If AICs described churches founded by Africans in the continent, then clearly AICs have been shifting towards PCCs, given that the majority of the latter are founded by African people (F: Kumuyi, David O. Oyedepo, Chris Oyakhilome, T. B. Joshua, Enoch Adeboye, Mensa Otabil, Enock Sitima, Ezekiel Guti, Andrew Wutawunashe, etc). The latter are the Pentecostal giants, popes so to speak, whose influence cannot be ignored by their governments or the world. Notably the PCCs share many attributes with AICS (see Chap.  4 of this volume), such as vibrant worship, emphasis on the Spirit, healing, use of water, centrality of the founder, prophecy and dominance of women (Pfeiffer 2011–163-164). However, there are notable differences, for PCCs seemingly underline biblical texts to the exclusion, if not outright dismissal, of African culture to the realm of evil; their global reach and the emphasis on prosperity gospel are also notable differences (Asamoah-Gyadu 2004:391; Meyer 2004: 454–458; 1999: 316–49). While AICs were largely national (and sometimes regional movements) PCCs have assumed an international and global character underlining extensive use of media, use of immigrant communities to formulate global networks of PCCs—they do not only plant churches in various African countries, they are planting churches in metropolitan cities such as London, New York, Los Angeles, Uppsala e.t.c. As Asamoah-Gyadu (2008: 11) notes, “Not only has African Christianity become very Pentecostal, but also by the end of twentieth century, the largest Christian congregations in Europe—both East and West—were led by Africans.” Whereas it used to be the trend for Western countries to send missionaries to Africa, PCCs are forcefully reversing this trend (Haar 1998; Adogame 2008). Whereas it is a worldwide stereotype to associate Africa and African people with poverty and disease, the PCCs gospel seems bent on exorcising these two demons through underlining deliverance from evil and proclaiming healing of the body and material prosperity for its members (Asamoah-Gyadu 2004:393). If concrete results cannot be delivered, the PCCs gospel of health and wealth seems bent to turn the clock from low self-esteem to high self-esteem among African people, with hope for a brighter future amongst its members (Gifford 2008:203–219; Dilger 2007:66). Are the PCCs movements a second wave of decolonization, carrying on the legacy of AICs’ resistance faith in another fashion? This is a question that calls for much research and debate among scholars of religion in Africa.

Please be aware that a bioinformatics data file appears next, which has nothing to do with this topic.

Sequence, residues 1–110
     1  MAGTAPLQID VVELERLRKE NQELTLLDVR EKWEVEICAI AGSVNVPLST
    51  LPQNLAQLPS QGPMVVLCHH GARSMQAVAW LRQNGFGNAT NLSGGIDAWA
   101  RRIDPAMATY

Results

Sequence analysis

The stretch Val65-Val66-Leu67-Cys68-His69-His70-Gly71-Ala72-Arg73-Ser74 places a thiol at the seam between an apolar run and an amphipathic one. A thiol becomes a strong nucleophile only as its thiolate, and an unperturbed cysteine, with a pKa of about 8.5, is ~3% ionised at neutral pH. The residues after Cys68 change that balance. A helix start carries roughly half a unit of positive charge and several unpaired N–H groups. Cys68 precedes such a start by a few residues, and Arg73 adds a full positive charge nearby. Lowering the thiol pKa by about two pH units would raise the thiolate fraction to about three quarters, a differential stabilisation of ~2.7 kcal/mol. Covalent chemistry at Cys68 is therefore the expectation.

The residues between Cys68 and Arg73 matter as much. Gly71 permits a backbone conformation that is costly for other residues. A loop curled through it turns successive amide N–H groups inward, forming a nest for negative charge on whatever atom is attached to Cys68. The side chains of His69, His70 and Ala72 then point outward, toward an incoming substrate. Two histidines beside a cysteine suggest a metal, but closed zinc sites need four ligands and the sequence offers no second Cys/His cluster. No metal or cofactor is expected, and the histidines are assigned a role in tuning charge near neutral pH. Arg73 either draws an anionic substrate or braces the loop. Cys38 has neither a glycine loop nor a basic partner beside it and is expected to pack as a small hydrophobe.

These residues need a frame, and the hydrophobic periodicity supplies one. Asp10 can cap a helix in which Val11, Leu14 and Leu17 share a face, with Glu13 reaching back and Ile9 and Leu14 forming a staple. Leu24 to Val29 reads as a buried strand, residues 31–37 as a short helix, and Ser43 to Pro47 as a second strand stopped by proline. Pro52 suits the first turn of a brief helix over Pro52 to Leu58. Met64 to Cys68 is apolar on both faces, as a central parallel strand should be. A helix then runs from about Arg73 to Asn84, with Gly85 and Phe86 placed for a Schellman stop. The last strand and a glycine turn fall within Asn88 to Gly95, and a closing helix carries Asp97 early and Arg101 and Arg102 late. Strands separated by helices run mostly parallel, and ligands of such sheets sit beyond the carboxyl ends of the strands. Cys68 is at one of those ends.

16.4 The Pentecostal Eruption Explained